Cut-throat price competition will make life harder for turbine makers, says Yue Zhihong, supply-chain director at Goldwind.Liu Qi, deputy general manager of Shanghai Electric Wind Power Equipment Manufacturing, agrees.
Turbine prices have been dropping at an average annual rate of 12% since 2007, he says. Today units are selling at CNY 3,600-3,700 per kilowatt ($554-570/kW), which is about half the peak price in 2006.
"Because of pressures of surplus production capacity, China's wind turbine prices will be lowered another 10% (over the next year)," adds Li Shengmao, a senior analyst at China Investment Consulting Corporation.
China's manufacturers currently have a combined annual wind turbine production capacity exceeding 20GW. Last year, 12.48GW of new capacity was installed at wind farms across the country. While this is 37.1% up on additions made in 2009, it represents a fall in the growth rate of China's overall market. China's wind market doubled every year between 2005 and 2009 in terms of total installed capacity. In 2010, cumulative capacity increased 73.3% to 44.7GW.
This year, new additions are set to increase at around 37% again, with around 26GW installed. This would mean a cumulative market growth of around 58%. Plans by central government are likely to ensure it does not go beyond this.
The National Energy Bureau (NEB) plans to resume authority for approving all wind projects, taking back control for those under 50MW from local authorities. The industry notes the NEB is much stricter than local governments when it comes to granting building consent, making a slowdown in construction inevitable.
"The point is to keep the feet on the ground," says an NEB spokesman. "This year, all the provinces, autonomous regions and municipalities will have a segmented quota for wind-farm construction. For example, China will have a total of 26GW wind turbines installed this year, and a certain province will be granted a quota of 500MW."
Around 90 turbine manufacturers, 50 blade makers, and 100 tower suppliers operate in China. "Competition is ferocious," says Sun Lixiang, deputy general manager of turbine supplier Guodian United Power.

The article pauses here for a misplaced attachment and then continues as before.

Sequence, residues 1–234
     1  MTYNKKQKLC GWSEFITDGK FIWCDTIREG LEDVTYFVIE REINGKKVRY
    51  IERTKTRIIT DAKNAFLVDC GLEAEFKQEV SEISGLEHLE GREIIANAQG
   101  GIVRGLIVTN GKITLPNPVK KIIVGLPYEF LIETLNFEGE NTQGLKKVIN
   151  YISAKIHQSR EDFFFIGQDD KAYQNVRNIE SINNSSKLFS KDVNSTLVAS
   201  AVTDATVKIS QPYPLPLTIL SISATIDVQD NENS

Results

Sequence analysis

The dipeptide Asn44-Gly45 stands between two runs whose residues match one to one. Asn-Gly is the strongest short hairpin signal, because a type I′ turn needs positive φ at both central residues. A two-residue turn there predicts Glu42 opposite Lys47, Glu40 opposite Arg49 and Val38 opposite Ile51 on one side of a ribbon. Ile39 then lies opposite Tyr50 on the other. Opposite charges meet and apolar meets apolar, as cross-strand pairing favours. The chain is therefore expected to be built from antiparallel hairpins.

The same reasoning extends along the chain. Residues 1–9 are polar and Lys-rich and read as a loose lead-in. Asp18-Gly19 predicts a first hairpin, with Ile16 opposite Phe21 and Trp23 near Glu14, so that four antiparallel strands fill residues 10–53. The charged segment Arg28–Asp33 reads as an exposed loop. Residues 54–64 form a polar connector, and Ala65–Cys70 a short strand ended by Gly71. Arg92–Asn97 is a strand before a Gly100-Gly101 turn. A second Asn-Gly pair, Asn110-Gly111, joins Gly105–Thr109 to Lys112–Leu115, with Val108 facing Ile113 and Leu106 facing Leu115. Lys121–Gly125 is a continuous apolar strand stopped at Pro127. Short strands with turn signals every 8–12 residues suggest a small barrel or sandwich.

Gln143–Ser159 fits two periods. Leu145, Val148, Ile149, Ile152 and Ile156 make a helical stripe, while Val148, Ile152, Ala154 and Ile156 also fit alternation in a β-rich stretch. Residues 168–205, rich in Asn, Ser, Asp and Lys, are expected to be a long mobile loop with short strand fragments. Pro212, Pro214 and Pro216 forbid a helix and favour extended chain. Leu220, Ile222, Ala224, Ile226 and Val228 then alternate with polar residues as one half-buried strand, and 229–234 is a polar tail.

"We are experiencing heavy pressures to reduce turbine production costs. Under the existing market price system, wind turbine makers can no longer make extravagant profits." Goldwind's Yue notes that existing manufacturing expansion plans mean this trend will increase and "overcapacity will be inevitable".
A widespread exodus from the market is expected over the next three years. "The industry reshuffle will surely start with suppliers of components and parts, because they shoulder the largest part of the pressure from reduced turbine market prices," suggests Goldwind's Yue. But turbine suppliers will also be hit.
"At present, many wind turbine makers offer the price of CNY 3,500/kW to wind farm operators," says Hao Yiguo, CEO of Guangdong Mingyang, the largest private Chinese wind turbine maker. But many small suppliers of wind turbines have paid more than CNY 5,000/kW for components and parts in their machines. With falling market prices, these costs are unsustainable.
China Energy Conservation Investment Corporation agrees and expects a number of private companies to retreat by the end of the year. By the end of 2012, some state-owned wind turbine manufacturers will not have survived either, it says.
In the end, China will have no more than ten domestic wind turbine manufacturers, the company forecasts.